Jehovah’s Witnesses are members of a religious movement known for their view of rejecting blood transfusions, even in life or death situations. There are reportedly 8.3 million Jehovah’s Witnesses around the world and nearly 120,000 congregations.
Before major surgery, these patients are confronted with the stress of both the operation and the potential need for transfusion. The role of the health care provider is to assure the physical and psychological welfare of patients while respecting their philosophical and religious beliefs. However, despite the important evolution of blood preservation techniques, there is still a great risk for transfusion in cardiac surgery. Transfusion rates during hospitalization for a cardiac surgery procedure vary from 25 to 95 %. In this context, cardiac surgery in Jehovah’s Witnesses represents a real challenge, necessitating a close collaboration between the surgical, anesthesiological, and medical teams.
Cardiac surgery is a specialty that often requires the use of blood products. For this reason, cardiac surgery in patients who refuse to use these products, such as Jehovah´s Witnesses (JW), can be a huge challenge for health personnel.
Cardiac surgery in Jehovah’s Witnesses may be challenging during the operation and postoperative period given their refusal of blood products. Highly complex cardiovascular procedures are not offered to patients at most centers because of the high risk of mortality and morbidity if massive blood loss occurs and transfusions are refused. There are few surgical teams willing to perform complex cardiovascular procedures on Jehovah’s Witness patients all over the world.
The invasive nature of a cardiac procedure, the associated decrease of body temperature and especially the use of cardio-pulmonary bypass (CPB) are major reasons for an increased blood loss and the high incidence for blood transfusions during and after cardiac surgery. Allogenic blood transfusions are often necessary in cardiac surgery; they do however increase mortality, morbidity and major adverse outcomes. The evolution of less invasive cardiac approaches, such as off-pump procedures for myocardial revascularization or minimally-invasive valve repair may contribute to a further reduction of blood transfusion. Furthermore, off-pump surgery even allows coronary artery bypass grafting (CABG) while avoiding CPB. Various data are available reporting decrease of postoperative complications and blood transfusions in patients undergoing the off-pump approach
In addition to meticulous operative techniques, we developed a perioperative management protocol of optimization of Jehovah’s Witness patients. Antiplatelet agents are discontinued at least 5 days preoperatively. Any supplement, food, or medication that may increase the risk of bleeding (ie, vitamin E, fish oil, turmeric, and ginger) is also withheld. In addition, procedures such as cardiac catheterization are scheduled several weeks before surgery to allow the patient to recover from the renal toxicity of the contrast and any blood loss.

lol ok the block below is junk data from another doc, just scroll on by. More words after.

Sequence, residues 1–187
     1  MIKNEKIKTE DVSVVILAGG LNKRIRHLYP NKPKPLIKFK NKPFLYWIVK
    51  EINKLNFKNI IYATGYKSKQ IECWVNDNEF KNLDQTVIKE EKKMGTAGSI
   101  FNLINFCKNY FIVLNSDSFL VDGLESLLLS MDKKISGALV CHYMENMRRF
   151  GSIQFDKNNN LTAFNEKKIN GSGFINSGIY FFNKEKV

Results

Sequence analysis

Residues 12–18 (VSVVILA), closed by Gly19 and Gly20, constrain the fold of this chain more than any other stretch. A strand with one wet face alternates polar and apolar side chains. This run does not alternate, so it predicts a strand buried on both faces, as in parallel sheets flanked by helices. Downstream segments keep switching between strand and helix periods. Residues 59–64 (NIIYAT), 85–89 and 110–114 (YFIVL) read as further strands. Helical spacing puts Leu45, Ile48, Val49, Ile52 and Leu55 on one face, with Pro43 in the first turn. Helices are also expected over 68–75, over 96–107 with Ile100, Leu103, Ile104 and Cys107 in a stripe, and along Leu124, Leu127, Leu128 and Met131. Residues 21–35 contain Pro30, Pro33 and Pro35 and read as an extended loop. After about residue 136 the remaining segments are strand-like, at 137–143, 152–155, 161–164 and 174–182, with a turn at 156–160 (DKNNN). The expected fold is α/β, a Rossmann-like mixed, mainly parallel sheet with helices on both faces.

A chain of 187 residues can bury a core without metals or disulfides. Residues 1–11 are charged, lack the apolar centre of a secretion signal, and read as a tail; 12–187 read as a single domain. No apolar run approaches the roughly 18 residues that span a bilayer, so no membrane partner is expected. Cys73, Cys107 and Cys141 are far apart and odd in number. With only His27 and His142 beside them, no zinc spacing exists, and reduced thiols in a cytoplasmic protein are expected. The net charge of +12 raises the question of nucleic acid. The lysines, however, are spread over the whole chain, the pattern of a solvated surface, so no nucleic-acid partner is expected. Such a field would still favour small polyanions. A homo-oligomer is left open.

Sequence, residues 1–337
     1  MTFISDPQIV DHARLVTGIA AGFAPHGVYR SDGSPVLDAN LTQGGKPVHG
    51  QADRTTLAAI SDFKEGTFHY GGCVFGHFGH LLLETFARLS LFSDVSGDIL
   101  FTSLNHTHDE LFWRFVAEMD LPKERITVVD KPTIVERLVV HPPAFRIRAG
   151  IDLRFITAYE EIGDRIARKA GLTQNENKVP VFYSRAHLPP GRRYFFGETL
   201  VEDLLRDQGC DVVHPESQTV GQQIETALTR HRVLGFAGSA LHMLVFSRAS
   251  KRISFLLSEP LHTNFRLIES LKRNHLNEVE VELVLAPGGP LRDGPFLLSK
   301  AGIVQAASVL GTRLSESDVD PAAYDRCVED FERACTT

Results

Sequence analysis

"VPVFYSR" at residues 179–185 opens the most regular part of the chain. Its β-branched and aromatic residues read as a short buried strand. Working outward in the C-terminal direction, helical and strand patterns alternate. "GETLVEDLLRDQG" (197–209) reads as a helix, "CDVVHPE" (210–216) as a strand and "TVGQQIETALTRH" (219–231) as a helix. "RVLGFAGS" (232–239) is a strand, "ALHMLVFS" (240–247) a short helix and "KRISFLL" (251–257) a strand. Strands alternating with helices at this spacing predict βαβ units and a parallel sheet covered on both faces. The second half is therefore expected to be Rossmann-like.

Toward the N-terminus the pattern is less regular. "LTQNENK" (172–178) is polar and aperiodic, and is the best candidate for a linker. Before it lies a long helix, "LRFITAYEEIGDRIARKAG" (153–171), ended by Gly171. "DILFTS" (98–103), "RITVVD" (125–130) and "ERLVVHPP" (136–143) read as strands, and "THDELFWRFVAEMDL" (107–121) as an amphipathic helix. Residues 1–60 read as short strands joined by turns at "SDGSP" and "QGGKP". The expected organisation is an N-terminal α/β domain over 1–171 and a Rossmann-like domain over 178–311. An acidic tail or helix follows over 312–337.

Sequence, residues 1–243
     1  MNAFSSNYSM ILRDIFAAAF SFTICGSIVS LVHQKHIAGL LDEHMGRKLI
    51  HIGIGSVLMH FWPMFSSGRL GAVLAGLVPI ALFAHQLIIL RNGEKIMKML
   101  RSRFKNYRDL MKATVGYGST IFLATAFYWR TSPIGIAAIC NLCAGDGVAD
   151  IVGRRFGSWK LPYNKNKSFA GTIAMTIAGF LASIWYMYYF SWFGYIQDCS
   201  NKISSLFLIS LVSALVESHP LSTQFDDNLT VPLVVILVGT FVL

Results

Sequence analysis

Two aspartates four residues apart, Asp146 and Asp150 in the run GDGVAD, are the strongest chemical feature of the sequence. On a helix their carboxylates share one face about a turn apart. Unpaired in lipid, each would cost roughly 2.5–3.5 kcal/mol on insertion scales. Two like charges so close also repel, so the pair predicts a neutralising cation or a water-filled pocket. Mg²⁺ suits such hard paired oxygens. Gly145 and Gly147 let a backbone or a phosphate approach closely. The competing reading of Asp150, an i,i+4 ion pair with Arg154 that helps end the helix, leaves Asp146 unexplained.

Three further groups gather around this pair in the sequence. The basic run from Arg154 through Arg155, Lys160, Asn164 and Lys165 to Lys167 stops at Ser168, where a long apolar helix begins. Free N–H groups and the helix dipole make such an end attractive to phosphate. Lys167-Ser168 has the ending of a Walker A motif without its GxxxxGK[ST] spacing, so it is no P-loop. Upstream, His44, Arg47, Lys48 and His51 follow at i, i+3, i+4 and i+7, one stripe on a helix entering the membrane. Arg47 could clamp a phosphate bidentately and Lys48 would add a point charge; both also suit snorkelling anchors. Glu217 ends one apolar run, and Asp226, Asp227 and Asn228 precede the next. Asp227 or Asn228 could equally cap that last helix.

Patient blood management comprises three main elements: 1) correction of perioperative anemia, 2) minimizing perioperative blood-loss and 3) using low hemoglobin-based transfusion triggers.
A 39-year-old, 60-kg male patient of the Jehovah’s Witness faith, with no other co-morbidities who was admitted with NSTEMI. His Cardiac catheterization done outside revealed severe multivessel coronary artery disease and was advised CABG. His operation was refused in some centres because of refusal of blood transfusion by the patient and in some centres patient was not confident in getting it done. When he came to our centre, we offered him Off-pump CABG and the patient was willing to getting it done in our centre with confidence. He was admitted on 8/11/18. His pre-op haemoglobin was 13.5gm% and his ECHO revealed left ventricular ejection fraction of 60% with Regional Wall Motion Abnormality of basal inferior wall. His anti-platlelets were stopped 5 days prior to surgery and underwent CABG on 14/11/18 under General Anaesthesia. Perioperatively 250 ml of autologous blood was collected in a blood bag. Bone wax was used after sternotomy to minimize bleeding. Bilateral Internal mammary artery was harvested and Off-pump total arterial revascularization was done after. heparinization. Meticulous hemostasis was achieved and 2 drains placed. Postoperative bleeding was minimal and course in the hospital was uneventful. He was discharged on 20/11/18 with haemoglobin of 12.6gm%.
Dr Isaac Christian Moses Medical Director of Sri Ramakrishna Hospital confirms that our case is unique in two aspects. Firstly patient underwent coronary bypass surgery successfully without undergoing any blood transfusion. Second, he underwent total arterial revascularisation without use of leg veins. This procedure is not offered in many centres. Total arterial revascularisation is done using both internal mammary arteries, the use of this ensures that the bypass surgery grafts work for more than 20 years. This patient was below 50 yrs of age hence this was done. Surgical team was headed by Dr.Thiagarajamurthy along with Dr Sujith and Dr Renus Demel. Anesthesia was managed by Dr Ashok Hariharan and Dr.Narendra Menon. Sri Ramakrishna hospital has all facilities for adult and pediatric cardiac surgery and can undertake any complex heart surgeries.